Author Topic: CNR(E)/CSB (split from: Army Communication & Information Systems Specialists)  (Read 22264 times)

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Offline upandatom

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Learned a bit more about this CNR(E)/CSB Etc.


So let me get this straight- A more complex, harder to fault find system, Harder to repair system (2nd Line), Very "finnicky", Harder to program......

Amidst all these changes,

This is gonna be a rough go.

 :facepalm:
 
« Last Edit: February 25, 2014, 19:48:31 by milnews.ca »
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Offline PuckChaser

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Are the issues directly related to the CNR(E) having to trick the NAU/RAU into thinking things until we get the CSB, or is it a case of lowest bidder cards being put into the radios?

Mods: Perhaps we could split the last few posts in here about CNR(E), and TCCCS upgrades into its own thread? That way we can geek out in a segregated area...  ;D

Offline Daywalker

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Learned a bit more about this CNR(E)/CSB Etc.


So let me get this straight- A more complex, harder to fault find system, Harder to repair system (2nd Line), Very "finnicky", Harder to program......

Amidst all these changes,

This is gonna be a rough go.

 :facepalm:

That about sums it up...yah.

Offline PuckChaser

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Is this extra info coming out through the FoS net? Latest thing I've seen is only whats on the CID. I'd love to get some more info, as right now CNR(E) is just a nebulous list of shiny new features that I'm going to be responsible for getting a section up to speed on quickly.

Offline upandatom

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Is this extra info coming out through the FoS net? Latest thing I've seen is only whats on the CID. I'd love to get some more info, as right now CNR(E) is just a nebulous list of shiny new features that I'm going to be responsible for getting a section up to speed on quickly.

I just saw it being installed, little brief about it. Not sure how much I can say but---- its a tricky little system that will make an former LCIS tech shake his head.

They have removed a tonne of training, good training at that for fault finding. Removed a system that everyone was comfortable with, and now put out this new kit, that currently is Macgyvered, and will be harder to fault find, program (your going to need a CST that was a former LCIS tech or a bang on IST to program it) but alot easier to use. From what I saw, the system is great for non signals members. simplified.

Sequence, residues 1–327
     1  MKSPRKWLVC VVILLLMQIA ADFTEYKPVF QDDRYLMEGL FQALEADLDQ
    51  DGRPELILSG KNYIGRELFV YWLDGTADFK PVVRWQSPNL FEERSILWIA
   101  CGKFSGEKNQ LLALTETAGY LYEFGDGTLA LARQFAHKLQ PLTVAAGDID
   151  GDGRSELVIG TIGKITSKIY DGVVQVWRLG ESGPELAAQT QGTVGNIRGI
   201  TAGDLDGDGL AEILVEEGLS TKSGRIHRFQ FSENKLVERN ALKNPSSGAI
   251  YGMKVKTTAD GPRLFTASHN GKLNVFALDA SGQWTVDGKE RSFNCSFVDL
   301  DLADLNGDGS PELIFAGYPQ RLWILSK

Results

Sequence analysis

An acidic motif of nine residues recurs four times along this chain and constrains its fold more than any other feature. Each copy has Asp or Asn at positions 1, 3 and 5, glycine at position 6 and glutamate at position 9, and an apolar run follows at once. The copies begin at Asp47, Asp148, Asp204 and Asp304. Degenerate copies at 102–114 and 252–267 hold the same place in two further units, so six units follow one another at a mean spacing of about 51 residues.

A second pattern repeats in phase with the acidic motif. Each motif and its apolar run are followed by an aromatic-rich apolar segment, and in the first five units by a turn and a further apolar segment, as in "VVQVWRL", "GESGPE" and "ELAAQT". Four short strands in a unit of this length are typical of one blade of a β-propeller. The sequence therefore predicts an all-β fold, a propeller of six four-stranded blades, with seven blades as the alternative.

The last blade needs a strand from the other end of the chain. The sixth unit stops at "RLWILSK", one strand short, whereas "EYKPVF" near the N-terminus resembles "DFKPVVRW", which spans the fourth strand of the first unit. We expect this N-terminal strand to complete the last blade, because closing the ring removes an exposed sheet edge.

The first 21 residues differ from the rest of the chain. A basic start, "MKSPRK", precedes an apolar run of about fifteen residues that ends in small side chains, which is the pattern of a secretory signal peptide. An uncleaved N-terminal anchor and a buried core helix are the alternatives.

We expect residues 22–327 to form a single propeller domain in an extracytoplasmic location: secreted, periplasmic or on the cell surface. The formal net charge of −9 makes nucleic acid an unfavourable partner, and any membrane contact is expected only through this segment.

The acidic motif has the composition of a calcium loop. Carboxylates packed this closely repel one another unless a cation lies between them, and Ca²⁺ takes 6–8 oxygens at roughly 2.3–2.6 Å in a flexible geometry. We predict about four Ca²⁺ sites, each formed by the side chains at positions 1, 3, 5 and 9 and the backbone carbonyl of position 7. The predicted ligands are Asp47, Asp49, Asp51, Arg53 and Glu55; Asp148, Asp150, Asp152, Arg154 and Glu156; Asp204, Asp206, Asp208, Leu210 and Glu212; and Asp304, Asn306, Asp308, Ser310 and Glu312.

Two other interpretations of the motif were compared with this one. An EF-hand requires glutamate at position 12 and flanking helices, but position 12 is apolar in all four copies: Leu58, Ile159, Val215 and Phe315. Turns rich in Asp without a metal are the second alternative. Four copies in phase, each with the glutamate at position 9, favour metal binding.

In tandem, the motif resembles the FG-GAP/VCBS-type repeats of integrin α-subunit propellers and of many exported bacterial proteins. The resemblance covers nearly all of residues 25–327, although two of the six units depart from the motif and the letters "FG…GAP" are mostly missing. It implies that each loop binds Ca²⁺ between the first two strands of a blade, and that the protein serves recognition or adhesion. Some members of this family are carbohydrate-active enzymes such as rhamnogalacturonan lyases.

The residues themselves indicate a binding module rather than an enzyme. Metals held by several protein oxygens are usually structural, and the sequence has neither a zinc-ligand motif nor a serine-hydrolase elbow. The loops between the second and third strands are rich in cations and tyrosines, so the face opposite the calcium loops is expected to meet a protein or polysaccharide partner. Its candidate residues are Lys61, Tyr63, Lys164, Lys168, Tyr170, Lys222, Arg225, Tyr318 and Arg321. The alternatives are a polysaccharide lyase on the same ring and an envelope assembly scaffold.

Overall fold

What i have seen of the ACISS core training, it does not go into depth enough for the programming of the CSBs, and even then, it is finicky with what suite, vehicle, and is no longer plug an play

but- the techs will be lacking skills strongly needed to use and fault find this kit to its full potential.

They have done this in the middle of some major cutbacks in training and exercises, and deployments.

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Offline Bucky

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I have it on good authority that it's going to suck.

Meanwhile Harris kit keeps finding its way into my daily life, and everything is all sunshine and lollipops. Seriously, how does Harris not supply everything we need?

I know, I know, "made in Canada", etc...

Still, CNR(E) is going to fail just as hard as EPLRS did, and we'll be stuck using VoIP because the radios don't work. Who ever would have thought that the IST's would be the only ones providing robust voice comms? It's easier to get a teleconference up these days than it is to get reliable comms over a VDN.

Which reminds me, we need LDN back, VDN is a failed experiment at providing a band-aid. As it stands now (to continue the analogy), it's like hitting the patient in the head with a sledgehammer.

/rant
"Either war is obsolete or men are." -- R. Buckminster Fuller
"The only winner in the War of 1812 was Tchaikovsky." -- Solomon Short

Offline upandatom

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I have it on good authority that it's going to suck.

Meanwhile Harris kit keeps finding its way into my daily life, and everything is all sunshine and lollipops. Seriously, how does Harris not supply everything we need?

I know, I know, "made in Canada", etc...

Still, CNR(E) is going to fail just as hard as EPLRS did, and we'll be stuck using VoIP because the radios don't work. Who ever would have thought that the IST's would be the only ones providing robust voice comms? It's easier to get a teleconference up these days than it is to get reliable comms over a VDN.

Which reminds me, we need LDN back, VDN is a failed experiment at providing a band-aid. As it stands now (to continue the analogy), it's like hitting the patient in the head with a sledgehammer.

/rant

I see GDC "anchors" and "bricks" on a daily basis here,

I smile when I see a Harris and its simplicity. Lets call a spade a spade, GDC rips us off regularily.

Dont Say EPLRS sucks.......I have yet to see it work.

I can see the new system sucking, sorry but i can
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Offline Bucky

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EPLRS is dead, jim.

I've seen it work (if you can call it that) in classrooms in kingston, but it's actual effective range "in real life" is around 2km, TOPS.

So yeah, we're back to the drawing board on that one.

It isn't being fielded anymore.
"Either war is obsolete or men are." -- R. Buckminster Fuller
"The only winner in the War of 1812 was Tchaikovsky." -- Solomon Short

Offline PuckChaser

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It isn't being fielded anymore.

My unit just got a whole whack of them, and 4 static kits for implementation this year. Its apparently the last kick at the can for ELPRS, if it doesn't live up the Army is going to trash it. So it is still out there.

I'm interested in why ISTs will be the ones programming the CNR(E)? If its TacRad, you better believe my core guys will be learning the ins and outs of the thing. ELPRS needs subnetting done to make it work, yet Core and CST ended up on the network manager course.